From a software engineer’s standpoint, InParanoid sucks. The software is widely used, with four publications (2001, 2005, 2008, 2010) to its credit that have, according to Google Scholar, together garnered 1766 citations. This recognition is not undeserved, for the software performs a useful purpose in computing orthologous protein groups—I would not be griping about it otherwise.

Despite this popularity, InParanoid’s technical quality will make any software engineer’s stomach churn. How do I hate thee? Let me count the ways.

  • No download link is provided on the InParanoid web site. To obtain the program, one must fill out a form so that an automated system may e-mail you an attached tarball.
  • Upon untarring InParanoid’s tarball, all files are placed under a tmp/tmpBg6DE3/inparanoid_4.1/ directory. The presence of the tmp/tmpBg6DE3/ prefix is unreasonably sloppy.
  • In the installation instructions, you are told that the Perl XML libraries must be installed. No mention, however, is made of the precise package required, let alone the appropriate command to install it from CPAN.
  • The InParanoid script doesn’t accept command-line parameters. Instead, you customize run-time options by directly editing its source file.
  • The only way to run InParanoid is seemingly to copy your FASTA data files to the application’s directory. Woe be unto you if you place the FASTA files in a proteins subdirectory—when I did, I received the error cannot create proteins/prjeb502.munged.fa-proteins/prjna205202.munged.fa: Directory nonexistent. InParanoid makes no attempt to divine the basename of your FASTA inputs so it may create its intermediate files in a reasonable fashion; instead, it simply conjoins the provided paths with a hyphen and attempts to create a file located at the path given by the resulting string, making it impossible for your FASTA files to reside in any directory but that from which you run InParanoid.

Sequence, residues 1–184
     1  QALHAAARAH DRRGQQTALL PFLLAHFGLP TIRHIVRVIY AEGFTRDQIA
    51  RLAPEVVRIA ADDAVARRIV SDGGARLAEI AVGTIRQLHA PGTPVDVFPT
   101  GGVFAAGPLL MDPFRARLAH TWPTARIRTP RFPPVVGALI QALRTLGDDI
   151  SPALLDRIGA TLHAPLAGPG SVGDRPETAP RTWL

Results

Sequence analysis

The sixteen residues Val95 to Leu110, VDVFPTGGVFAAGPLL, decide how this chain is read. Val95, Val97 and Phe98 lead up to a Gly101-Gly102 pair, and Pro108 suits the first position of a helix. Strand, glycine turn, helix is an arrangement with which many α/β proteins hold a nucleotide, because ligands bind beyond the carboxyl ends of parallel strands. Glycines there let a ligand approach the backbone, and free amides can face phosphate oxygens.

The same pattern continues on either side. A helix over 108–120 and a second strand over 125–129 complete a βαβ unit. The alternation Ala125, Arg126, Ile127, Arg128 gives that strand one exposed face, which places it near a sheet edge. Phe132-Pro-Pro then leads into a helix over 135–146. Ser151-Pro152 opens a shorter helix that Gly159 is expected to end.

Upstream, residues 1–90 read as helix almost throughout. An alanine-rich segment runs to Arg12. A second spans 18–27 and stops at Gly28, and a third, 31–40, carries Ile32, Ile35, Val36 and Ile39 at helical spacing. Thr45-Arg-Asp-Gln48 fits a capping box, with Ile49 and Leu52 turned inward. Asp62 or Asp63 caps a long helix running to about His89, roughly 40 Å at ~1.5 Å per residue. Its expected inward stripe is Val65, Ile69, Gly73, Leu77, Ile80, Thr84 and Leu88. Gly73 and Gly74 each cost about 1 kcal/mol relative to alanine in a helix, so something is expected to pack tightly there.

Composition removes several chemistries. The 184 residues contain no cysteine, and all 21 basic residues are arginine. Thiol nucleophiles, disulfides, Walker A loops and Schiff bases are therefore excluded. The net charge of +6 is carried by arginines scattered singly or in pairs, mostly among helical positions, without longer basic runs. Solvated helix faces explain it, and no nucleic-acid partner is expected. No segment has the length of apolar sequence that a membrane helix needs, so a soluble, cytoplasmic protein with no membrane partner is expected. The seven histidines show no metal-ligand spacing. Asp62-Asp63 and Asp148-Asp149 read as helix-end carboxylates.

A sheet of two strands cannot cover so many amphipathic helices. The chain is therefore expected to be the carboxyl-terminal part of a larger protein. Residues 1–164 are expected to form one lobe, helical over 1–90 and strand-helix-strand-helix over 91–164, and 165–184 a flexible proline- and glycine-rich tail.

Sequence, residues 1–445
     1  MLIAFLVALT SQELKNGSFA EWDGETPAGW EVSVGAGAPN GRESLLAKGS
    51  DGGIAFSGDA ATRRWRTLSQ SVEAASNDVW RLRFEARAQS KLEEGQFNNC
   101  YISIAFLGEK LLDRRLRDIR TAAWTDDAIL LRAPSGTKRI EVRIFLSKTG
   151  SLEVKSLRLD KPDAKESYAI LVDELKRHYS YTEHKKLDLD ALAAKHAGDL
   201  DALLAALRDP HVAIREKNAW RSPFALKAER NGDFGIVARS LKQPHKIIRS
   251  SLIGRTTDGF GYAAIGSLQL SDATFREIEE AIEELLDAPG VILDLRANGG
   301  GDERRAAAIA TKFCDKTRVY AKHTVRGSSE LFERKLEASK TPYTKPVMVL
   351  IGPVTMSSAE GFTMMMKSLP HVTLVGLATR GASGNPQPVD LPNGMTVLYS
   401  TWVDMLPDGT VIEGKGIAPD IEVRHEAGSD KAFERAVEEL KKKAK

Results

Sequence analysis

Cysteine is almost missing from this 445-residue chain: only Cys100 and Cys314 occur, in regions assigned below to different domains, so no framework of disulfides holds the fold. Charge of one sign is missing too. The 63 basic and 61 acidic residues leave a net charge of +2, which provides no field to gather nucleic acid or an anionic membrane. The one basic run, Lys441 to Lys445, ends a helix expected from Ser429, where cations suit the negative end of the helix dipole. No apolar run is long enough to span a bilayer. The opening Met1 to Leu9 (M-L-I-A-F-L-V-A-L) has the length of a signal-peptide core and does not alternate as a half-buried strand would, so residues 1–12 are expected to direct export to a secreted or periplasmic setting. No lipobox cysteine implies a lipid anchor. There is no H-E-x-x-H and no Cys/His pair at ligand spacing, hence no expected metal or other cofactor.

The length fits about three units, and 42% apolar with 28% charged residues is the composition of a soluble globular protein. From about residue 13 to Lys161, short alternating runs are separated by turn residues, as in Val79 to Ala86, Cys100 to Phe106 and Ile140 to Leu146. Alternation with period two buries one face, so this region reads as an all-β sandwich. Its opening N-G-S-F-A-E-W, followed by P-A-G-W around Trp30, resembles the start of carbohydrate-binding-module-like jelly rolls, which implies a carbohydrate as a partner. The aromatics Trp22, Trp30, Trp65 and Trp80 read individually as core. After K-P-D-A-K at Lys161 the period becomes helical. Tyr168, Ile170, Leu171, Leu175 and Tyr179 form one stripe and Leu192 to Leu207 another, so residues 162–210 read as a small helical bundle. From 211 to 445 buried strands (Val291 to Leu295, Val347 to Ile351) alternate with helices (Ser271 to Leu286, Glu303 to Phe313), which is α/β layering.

• The last two points imply, naturally, that for each InParanoid run, you should create a new directory, copy a fresh InParanoid installation into it, copy your data files into it, and finally perform the run. In this scenario, your output files will reside in this directory. Consequently, you must rely on the file timestamps to determine exactly what files correspond to InParanoid’s output, given that they will be intermixed with InParanoid’s installation files, the temporary files both it and BLAST created, and your input files.
  • InParanoid is unreasonably picky about FASTA headers. Those included in files from WormBase caused InParanoid to crash. Thus, I had to rewrite my FASTA files to use headers such as >prjeb506_prot_5, with the trailing integer incremented for each sequence.
  • InParanoid relies on legacy BLAST, when most of the world has progressed to BLAST+. With BLAST+ released more than five years ago, this legacy requirement is unconscionable in so widely used a piece of software. Moreover, the most recent v4.1 InParanoid revision arrived fully a year after BLAST+’s release, in October 2009, giving the developers ample time to support the new BLAST revision.

I can marshal no more complaints at the moment. While I’m in favour of practicality over perfection, I nevertheless retain an aesthetic sensibility concerning software fashioned through a decade-and-a-half of staring at computer screens. Bioinformatics applications violate virtually every criterion of quality software, with InParanoid serving as an egregious example. Given its numerous glaring surface flaws, I have little faith in the veracity of its results.